– Hind

I used to be glued to the news. The sadness we carry is taking all of our energy, so I don’t watch the news or keep up with what’s happening in Syria anymore.

It’s obvious as long as we are still here, this means the bombing, killing, and death have not stopped. We just pay attention to our own lives; we really can’t do more than that. Only Bollywood films and Turkish soaps to numb our brains. 

-Hala

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One day the landlord came to the house and said we could stay if we gave him one of my teenage daughters. We refused and were ordered to leave immediately. My daughter was only fifteen at the time.

-Um Ahmed, from Daraa

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This was a storage room, where they put sheep. It didn’t work out because there are a lot of rats here, so they made it into housing spaces for us poor refugees. They refused to store things in these containers, but are fine with storing people in them.

– Ali, wounded in Homs

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We break our children’s spirits, eclipsing them. If one gets into a fight with another child, we tell them to respond with, “may God forgive you.” Even if they are hit, don’t fight back. We don’t want to be deported.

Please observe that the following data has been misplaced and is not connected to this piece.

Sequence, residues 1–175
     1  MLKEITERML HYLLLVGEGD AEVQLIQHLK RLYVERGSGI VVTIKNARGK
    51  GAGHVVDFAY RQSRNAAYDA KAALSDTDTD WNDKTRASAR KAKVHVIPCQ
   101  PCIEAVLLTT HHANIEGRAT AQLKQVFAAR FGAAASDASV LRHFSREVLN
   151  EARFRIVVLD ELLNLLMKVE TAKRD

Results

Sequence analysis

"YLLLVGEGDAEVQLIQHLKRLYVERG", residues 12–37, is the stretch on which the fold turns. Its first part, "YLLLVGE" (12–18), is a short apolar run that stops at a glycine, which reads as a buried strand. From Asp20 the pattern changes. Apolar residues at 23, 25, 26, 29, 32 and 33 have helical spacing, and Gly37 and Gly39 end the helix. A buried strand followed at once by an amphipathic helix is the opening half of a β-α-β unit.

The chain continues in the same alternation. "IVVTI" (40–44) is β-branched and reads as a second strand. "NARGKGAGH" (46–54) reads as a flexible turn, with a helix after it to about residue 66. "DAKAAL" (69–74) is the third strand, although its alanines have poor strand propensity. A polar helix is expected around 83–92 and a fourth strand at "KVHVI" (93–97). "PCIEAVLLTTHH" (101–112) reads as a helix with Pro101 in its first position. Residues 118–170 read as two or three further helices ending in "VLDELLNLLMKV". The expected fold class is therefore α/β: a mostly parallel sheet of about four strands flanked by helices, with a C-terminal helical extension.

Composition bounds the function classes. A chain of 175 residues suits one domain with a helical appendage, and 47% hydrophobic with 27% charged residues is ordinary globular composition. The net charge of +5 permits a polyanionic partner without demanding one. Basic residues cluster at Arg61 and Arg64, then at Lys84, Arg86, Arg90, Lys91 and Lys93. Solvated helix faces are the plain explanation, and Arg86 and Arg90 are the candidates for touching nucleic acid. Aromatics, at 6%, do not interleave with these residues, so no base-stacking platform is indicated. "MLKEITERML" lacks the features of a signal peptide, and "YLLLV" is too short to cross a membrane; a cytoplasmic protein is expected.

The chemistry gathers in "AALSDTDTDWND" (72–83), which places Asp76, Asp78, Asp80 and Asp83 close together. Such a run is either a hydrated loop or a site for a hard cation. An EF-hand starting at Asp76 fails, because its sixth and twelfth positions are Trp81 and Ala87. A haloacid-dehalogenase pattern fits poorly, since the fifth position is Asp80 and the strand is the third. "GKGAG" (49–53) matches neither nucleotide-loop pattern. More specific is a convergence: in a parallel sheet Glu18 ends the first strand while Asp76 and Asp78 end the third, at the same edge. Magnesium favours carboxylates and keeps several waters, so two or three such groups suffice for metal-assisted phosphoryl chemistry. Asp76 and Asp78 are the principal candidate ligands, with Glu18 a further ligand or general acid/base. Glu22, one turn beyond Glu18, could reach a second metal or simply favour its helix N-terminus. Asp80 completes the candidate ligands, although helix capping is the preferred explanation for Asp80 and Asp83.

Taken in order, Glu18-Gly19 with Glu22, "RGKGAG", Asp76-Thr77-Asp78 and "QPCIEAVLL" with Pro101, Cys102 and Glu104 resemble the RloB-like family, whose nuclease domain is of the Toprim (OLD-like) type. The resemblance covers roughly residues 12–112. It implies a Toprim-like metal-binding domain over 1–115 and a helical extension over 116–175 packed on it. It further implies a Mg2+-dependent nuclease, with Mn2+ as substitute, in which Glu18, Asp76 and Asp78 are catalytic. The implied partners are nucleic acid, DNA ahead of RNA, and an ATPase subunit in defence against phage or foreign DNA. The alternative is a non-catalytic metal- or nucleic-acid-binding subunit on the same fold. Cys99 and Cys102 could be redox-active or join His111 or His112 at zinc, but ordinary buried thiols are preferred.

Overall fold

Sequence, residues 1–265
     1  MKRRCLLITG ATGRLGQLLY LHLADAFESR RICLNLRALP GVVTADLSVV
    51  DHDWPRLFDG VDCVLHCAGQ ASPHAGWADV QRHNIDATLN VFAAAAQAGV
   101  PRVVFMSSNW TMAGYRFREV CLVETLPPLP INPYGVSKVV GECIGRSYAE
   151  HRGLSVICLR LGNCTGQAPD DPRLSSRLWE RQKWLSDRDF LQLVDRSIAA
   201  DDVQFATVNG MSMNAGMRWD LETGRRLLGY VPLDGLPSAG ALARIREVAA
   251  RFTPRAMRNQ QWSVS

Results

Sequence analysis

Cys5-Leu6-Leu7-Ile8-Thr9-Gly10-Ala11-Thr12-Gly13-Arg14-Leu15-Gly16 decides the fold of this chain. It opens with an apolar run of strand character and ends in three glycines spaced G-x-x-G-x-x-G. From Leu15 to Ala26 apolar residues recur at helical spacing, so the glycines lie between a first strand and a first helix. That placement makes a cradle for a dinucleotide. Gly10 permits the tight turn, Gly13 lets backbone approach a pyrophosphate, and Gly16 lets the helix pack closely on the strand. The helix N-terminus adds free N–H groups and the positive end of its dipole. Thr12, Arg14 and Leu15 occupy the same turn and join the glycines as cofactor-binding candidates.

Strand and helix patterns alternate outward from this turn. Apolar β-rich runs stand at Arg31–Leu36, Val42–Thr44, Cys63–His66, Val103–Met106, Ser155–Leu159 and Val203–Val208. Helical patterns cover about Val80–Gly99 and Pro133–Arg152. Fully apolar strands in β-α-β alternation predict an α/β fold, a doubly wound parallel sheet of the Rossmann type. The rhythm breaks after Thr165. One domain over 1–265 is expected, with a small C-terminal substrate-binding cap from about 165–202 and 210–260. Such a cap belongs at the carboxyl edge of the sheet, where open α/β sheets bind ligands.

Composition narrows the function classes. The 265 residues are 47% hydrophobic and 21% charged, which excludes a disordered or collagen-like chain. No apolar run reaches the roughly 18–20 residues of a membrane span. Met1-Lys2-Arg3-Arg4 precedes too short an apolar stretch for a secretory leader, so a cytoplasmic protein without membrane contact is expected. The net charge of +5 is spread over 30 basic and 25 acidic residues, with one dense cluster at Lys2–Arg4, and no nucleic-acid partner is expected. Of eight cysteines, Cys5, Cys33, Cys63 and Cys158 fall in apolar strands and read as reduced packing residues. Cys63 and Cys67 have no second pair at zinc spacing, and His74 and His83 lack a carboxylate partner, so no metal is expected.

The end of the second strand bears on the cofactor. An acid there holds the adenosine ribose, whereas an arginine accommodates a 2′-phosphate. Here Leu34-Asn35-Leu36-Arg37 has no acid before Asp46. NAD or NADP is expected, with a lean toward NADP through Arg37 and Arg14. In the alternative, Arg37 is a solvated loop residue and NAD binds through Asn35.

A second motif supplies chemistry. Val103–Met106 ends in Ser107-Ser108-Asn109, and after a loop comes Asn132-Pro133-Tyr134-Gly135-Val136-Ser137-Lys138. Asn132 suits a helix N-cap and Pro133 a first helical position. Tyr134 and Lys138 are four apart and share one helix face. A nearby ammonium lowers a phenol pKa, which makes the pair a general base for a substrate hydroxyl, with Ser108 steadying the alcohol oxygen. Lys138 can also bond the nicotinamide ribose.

– Um Saleh, from Daraa, former occupant of referenced “martyr’s wives” building

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I always feel like I can’t breathe. I feel it in my chest. I get tired from walking, if I shout, if I get sad, and things like that. My husband went to Europe and left us with two JOD. Two years alone with three children and not a dime. Not allowed to work. I am done. I am going back to Syria with my children. Whatever happens, I am done.

                                    – Um Asim

Um Asim returned to Syria three days later with her three children.
She told them, “There are trees there.”